Modifications to Rules for Retirement Plan Accounts

  • Contribution Limit for Individual Retirement Plans of High-Income Taxpayers with Large Account BalancesUnder current law, taxpayers may make contributions to IRAs irrespective of how much they already have saved in such accounts. To avoid subsidizing retirement savings once account balances reach very high levels, the legislation creates new rules for taxpayers with very large IRA and defined contribution retirement account balances. Specifically, the legislation prohibits further contributions to a Roth or traditional IRA for a taxable year if the total value of an individual’s IRA and defined contribution retirement accounts generally exceeds $10 million as of the end of the prior taxable year. The limit on contributions would only apply to single taxpayers (or taxpayers married filing separately) with taxable income over $400,000, married taxpayers filing jointly with taxable income over $450,000, and heads of households with taxable income over $425,000 (all indexed for inflation). The proposed legislation also adds a new annual reporting requirement for employer-defined contribution plans on aggregate account balances in excess of $2.5 million. The reporting would be to both the Internal Revenue Service and the plan participant whose balance is being reported. These proposed provisions would be effective for tax years beginning after Dec. 31, 2021.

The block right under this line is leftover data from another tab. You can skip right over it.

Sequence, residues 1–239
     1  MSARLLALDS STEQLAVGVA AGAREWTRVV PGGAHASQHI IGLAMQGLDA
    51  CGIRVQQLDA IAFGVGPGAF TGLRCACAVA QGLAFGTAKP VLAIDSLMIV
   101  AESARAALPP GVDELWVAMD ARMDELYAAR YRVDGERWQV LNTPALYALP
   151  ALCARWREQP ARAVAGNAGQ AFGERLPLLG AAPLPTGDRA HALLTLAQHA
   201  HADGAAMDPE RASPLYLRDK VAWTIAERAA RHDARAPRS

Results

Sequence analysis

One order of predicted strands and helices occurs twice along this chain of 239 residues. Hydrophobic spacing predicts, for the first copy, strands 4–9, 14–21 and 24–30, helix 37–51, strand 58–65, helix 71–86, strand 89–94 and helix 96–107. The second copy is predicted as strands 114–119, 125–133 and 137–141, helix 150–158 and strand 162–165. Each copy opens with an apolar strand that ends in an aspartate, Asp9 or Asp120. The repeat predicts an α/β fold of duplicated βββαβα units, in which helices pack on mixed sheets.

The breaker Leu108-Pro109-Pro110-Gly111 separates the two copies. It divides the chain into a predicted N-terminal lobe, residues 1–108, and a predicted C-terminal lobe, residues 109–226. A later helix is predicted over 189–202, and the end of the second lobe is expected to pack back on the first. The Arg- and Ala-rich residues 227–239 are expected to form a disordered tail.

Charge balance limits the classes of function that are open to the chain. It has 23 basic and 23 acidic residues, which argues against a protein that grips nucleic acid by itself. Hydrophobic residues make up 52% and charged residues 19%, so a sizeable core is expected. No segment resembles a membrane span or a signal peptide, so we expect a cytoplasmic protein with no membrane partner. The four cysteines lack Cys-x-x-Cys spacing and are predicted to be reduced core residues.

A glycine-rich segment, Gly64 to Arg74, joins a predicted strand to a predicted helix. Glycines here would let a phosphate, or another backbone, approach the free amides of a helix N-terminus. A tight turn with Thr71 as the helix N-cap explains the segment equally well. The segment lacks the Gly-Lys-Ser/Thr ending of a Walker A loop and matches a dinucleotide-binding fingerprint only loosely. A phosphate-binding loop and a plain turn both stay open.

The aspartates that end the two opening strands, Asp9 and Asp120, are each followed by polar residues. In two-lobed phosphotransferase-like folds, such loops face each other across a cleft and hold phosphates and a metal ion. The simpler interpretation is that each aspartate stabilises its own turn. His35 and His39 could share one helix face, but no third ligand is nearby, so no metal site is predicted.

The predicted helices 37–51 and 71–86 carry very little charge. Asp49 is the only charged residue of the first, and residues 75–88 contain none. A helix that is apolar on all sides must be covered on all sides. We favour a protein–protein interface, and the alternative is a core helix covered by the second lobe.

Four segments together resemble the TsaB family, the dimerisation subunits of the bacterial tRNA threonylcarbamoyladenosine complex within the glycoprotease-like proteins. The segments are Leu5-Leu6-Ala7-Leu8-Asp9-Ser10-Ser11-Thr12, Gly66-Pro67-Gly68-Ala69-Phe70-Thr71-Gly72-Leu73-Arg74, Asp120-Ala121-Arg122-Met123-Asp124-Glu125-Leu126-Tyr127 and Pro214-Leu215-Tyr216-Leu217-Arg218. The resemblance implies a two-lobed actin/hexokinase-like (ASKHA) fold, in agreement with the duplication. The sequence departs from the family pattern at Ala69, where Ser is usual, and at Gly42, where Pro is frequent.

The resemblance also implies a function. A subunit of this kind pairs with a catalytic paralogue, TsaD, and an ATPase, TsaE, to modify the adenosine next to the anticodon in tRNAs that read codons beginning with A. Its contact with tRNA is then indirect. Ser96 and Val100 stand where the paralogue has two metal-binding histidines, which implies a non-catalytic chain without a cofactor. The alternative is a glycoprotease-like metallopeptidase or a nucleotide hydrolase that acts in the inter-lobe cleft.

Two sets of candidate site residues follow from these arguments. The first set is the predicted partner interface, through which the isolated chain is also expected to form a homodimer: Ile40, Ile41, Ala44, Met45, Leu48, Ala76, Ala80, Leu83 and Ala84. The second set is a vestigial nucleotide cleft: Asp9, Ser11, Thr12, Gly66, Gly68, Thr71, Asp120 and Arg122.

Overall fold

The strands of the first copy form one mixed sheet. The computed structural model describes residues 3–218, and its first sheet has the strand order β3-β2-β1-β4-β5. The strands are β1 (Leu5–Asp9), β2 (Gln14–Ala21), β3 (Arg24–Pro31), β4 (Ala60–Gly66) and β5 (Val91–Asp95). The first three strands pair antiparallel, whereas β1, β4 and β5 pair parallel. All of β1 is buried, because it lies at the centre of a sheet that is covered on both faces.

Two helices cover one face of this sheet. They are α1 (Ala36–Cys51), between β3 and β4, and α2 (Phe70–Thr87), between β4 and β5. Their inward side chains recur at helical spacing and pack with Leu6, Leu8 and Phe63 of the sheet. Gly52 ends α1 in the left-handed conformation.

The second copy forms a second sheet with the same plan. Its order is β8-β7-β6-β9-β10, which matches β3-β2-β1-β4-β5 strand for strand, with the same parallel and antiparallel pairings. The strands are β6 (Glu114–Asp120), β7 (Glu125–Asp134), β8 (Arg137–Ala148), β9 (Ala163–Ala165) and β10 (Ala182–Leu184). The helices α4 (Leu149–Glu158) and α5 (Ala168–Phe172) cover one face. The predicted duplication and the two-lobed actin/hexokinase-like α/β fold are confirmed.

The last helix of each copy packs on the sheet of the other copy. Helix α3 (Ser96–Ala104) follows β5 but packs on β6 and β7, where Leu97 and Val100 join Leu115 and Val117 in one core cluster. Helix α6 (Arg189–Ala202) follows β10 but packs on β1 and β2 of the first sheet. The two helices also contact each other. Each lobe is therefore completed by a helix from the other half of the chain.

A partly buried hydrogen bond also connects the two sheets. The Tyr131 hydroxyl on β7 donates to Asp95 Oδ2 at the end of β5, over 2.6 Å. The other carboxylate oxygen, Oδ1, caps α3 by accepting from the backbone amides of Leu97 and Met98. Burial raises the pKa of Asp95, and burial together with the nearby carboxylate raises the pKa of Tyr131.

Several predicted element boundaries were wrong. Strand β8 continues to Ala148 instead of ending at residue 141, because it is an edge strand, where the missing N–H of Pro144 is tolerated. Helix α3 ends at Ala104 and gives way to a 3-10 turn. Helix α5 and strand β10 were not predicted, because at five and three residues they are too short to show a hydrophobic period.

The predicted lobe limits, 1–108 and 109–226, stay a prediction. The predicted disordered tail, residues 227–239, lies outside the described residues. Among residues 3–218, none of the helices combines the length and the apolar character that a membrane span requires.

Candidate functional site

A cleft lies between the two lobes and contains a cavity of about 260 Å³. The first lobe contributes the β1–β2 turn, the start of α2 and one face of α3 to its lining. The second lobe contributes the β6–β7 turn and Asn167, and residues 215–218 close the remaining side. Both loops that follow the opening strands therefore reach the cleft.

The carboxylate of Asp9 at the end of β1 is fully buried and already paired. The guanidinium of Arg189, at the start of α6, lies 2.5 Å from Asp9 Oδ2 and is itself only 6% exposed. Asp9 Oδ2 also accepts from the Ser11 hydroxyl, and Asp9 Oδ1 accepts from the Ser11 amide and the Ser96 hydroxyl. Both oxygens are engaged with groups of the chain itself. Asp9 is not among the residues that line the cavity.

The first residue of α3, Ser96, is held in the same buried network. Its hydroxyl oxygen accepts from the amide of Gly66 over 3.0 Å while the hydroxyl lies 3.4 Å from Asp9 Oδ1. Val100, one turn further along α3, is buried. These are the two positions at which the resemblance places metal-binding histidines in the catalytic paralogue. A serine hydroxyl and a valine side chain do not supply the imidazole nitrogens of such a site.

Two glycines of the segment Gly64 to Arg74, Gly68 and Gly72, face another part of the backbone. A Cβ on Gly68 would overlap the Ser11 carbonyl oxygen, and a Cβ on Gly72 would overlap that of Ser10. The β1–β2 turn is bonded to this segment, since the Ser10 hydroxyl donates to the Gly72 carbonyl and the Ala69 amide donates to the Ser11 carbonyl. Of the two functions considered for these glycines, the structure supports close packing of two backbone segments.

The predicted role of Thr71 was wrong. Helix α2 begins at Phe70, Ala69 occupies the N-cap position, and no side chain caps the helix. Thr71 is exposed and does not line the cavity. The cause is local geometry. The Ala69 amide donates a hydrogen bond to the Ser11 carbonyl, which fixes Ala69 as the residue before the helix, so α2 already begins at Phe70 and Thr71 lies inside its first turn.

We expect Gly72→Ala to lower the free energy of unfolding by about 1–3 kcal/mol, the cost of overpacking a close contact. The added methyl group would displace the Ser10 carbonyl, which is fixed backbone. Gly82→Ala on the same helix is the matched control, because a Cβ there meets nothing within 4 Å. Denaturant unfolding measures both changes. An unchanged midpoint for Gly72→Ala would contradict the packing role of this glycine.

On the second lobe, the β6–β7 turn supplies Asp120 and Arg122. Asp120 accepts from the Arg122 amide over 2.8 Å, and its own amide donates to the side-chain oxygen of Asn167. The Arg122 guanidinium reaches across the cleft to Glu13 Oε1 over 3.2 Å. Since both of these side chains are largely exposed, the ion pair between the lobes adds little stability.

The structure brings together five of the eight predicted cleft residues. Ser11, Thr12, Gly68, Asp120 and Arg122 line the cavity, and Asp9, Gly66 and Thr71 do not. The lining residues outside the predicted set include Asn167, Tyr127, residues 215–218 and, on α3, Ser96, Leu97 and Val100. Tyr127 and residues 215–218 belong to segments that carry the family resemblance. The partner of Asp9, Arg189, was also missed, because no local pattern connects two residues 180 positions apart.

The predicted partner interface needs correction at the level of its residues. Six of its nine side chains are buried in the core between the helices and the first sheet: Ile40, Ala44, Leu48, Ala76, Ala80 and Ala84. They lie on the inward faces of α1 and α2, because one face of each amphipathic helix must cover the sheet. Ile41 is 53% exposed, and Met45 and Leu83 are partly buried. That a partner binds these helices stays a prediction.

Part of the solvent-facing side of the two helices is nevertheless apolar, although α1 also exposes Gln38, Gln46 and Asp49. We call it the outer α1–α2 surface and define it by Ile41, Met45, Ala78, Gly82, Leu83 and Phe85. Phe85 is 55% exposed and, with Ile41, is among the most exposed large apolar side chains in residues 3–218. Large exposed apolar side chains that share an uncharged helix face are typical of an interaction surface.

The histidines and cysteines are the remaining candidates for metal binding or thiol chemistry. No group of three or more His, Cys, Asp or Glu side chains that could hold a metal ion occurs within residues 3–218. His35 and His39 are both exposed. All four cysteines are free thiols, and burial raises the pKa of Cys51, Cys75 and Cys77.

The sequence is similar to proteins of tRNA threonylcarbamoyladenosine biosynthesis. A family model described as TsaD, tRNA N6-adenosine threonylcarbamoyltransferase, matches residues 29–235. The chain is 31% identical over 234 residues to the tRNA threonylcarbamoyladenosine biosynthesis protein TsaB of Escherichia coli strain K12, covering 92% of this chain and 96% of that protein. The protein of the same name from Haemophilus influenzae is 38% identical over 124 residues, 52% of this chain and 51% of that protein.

• Increase in Minimum Required Distributions for High-Income Taxpayers with Large Retirement Account Balances. If an individual’s combined traditional IRA, Roth IRA and defined contribution retirement account balances generally exceed $10 million at the end of a taxable year, a minimum distribution would be required for the following year. This minimum distribution is only required if the taxpayer’s taxable income is above the thresholds described in the section above (e.g., $450,000 for a joint return). The minimum distribution generally is 50% of the amount by which the individual’s prior year aggregate traditional IRA, Roth IRA and defined contribution account balance exceeds the $10 million limit. In addition, to the extent that the combined balance amount in traditional IRAs, Roth IRAs and defined contribution plans exceeds $20 million, that excess is required to be distributed from Roth IRAs and Roth-designated accounts in defined contribution plans up to the lesser of (1) the amount needed to bring the total balance in all accounts down to $20 million or (2) the aggregate balance in the Roth IRAs and designated Roth accounts in defined contribution plans. Once the individual distributes the amount of any excess required under this 100% distribution rule, then the individual is allowed to determine the accounts from which to distribute to satisfy the 50% distribution rule above. This proposed provision would be effective in tax years beginning after Dec. 31, 2021.